What first drew me to this book was the old-school kids’ detective agency idea. I loved that sort of story when I was young, and this seemed a fresh take on an old favorite. There was a Scooby-Doo vibe, except that the ghosties happen to be actual ghosts.

This is the third installment in the Fantastic Phantasmic Detective Agency series, but it was easy to understand what was happening, thanks to explanations given throughout the book. The explanations didn’t necessarily fit into the storyline nicely; rather, they just sort of popped up. However, it was good to have them. I don’t think they are long enough to bore repeat readers, which is also a plus.

The premise of this particular mystery is the search for a missing ghost. He’s no longer haunting the house he normally appears at, and his recently deceased sister is concerned about him. I laughed pretty hard at that idea.

The detective agency consists of three kids (Abby, Billy, and Toby), and a cranky old medium. They follow clues of an unusual kind to attempt to find the missing ghost. I don’t want to give too many details away, since half the fun of a mystery is following the twists and turns.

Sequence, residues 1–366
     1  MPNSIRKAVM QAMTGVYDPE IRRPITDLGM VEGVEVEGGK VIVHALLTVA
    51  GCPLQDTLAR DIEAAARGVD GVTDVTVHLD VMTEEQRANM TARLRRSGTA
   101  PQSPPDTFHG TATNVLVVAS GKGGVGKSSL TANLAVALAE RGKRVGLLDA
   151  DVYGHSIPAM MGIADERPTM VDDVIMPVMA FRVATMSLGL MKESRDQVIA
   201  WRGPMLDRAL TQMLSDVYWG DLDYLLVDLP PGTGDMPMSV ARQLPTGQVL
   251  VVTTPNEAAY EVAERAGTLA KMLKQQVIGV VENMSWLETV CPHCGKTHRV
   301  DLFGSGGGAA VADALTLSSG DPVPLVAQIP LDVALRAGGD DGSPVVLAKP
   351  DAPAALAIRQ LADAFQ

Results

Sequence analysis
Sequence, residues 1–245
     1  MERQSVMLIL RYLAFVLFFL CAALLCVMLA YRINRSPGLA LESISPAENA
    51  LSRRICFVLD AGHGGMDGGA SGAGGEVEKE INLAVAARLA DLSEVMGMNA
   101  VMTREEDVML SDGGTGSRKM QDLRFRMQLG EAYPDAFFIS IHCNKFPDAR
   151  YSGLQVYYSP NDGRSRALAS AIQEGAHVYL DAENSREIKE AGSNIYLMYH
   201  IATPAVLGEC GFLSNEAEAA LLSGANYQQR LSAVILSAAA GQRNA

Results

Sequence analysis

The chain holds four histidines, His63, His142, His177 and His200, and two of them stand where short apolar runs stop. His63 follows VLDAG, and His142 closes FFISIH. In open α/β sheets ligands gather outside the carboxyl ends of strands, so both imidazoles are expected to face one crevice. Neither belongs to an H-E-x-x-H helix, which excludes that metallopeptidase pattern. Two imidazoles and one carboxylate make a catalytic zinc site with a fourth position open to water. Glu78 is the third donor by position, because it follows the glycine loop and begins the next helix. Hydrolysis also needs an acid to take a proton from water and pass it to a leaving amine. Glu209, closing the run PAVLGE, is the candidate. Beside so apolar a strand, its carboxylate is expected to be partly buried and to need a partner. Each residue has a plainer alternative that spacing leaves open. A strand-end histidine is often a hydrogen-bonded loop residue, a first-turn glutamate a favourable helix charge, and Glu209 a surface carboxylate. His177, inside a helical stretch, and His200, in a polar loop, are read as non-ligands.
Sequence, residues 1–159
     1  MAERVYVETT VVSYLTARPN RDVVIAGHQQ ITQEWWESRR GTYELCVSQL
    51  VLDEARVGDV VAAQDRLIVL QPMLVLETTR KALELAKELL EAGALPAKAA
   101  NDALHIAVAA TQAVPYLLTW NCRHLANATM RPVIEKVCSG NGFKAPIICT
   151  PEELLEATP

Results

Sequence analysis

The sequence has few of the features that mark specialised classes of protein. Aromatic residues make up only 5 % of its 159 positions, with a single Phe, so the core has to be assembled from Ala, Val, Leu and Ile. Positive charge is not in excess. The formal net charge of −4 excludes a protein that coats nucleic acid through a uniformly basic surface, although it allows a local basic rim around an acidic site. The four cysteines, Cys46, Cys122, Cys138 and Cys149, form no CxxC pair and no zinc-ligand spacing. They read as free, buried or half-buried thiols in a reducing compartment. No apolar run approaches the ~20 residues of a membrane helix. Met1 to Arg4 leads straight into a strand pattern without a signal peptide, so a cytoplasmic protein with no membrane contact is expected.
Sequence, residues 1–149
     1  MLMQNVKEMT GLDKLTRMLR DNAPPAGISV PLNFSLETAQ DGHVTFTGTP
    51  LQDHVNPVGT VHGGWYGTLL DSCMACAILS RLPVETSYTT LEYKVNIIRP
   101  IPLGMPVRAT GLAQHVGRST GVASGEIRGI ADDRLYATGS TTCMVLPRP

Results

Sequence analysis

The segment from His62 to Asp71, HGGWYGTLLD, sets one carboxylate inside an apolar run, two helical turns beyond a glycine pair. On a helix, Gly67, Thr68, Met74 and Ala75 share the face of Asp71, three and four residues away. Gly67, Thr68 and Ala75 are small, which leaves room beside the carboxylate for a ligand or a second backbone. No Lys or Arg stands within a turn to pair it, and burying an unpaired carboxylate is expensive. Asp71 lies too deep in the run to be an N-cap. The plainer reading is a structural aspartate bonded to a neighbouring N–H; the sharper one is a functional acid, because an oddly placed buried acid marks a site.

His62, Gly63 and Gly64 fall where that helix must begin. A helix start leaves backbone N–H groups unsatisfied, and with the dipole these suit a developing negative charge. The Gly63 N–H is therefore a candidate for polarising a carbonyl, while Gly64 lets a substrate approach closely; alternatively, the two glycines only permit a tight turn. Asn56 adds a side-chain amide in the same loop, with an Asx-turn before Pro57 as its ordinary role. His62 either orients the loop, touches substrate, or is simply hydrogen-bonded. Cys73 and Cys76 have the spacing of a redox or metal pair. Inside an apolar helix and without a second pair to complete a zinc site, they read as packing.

This book is a lot of fun. It’s a new take on the usual trope and I quite enjoyed it. If you’re looking for a quick, entertaining read, this is a good one to check out. I’ll know I’ll be going back and reading the first two in this series.

Master of Sorrows by Justin T. Call- ARC Review

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You have heard the story before – of a young boy, orphaned through tragic circumstances, raised by a wise old man, who comes to a fuller knowledge of his magic and uses it to fight the great evil that threatens his world.

But what if the boy hero and the malevolent, threatening taint were one and the same?

What if the boy slowly came to realize he was the reincarnation of an evil god? Would he save the world . . . or destroy it?